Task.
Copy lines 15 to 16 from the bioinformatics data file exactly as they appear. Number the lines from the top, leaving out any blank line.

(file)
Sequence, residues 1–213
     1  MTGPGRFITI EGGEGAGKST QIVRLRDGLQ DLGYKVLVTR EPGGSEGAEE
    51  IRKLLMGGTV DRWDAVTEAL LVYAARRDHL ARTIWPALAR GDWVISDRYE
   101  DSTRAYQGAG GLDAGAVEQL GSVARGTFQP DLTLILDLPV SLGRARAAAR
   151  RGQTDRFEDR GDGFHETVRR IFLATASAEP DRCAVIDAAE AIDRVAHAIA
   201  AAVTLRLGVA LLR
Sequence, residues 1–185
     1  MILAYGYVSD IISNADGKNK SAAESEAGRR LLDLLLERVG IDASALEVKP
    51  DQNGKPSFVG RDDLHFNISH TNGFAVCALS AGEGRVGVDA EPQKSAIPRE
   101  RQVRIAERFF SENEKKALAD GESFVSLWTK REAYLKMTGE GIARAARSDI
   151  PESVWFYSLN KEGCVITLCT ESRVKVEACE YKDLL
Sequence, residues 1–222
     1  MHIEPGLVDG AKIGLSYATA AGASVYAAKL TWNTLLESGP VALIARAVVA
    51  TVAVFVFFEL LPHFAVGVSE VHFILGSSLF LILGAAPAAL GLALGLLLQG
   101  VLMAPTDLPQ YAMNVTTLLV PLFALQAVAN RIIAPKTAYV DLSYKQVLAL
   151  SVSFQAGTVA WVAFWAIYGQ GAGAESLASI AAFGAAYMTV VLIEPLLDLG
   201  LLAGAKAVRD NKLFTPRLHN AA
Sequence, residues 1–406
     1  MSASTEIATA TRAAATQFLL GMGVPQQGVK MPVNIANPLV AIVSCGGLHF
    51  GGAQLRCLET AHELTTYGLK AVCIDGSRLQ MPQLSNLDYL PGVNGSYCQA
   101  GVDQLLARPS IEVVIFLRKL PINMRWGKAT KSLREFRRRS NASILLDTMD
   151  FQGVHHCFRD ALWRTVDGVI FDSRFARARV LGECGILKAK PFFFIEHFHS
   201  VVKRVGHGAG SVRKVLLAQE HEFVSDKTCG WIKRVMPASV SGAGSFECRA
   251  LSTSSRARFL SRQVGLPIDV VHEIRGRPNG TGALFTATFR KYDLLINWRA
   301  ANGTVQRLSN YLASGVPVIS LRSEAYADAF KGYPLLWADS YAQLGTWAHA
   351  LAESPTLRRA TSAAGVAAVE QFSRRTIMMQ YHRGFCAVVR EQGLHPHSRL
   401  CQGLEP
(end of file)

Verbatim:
   101  VLMAPTDLPQ YAMNVTTLLV PLFALQAVAN RIIAPKTAYV DLSYKQVLAL
   151  SVSFQAGTVA WVAFWAIYGQ GAGAESLASI AAFGAAYMTV VLIEPLLDLG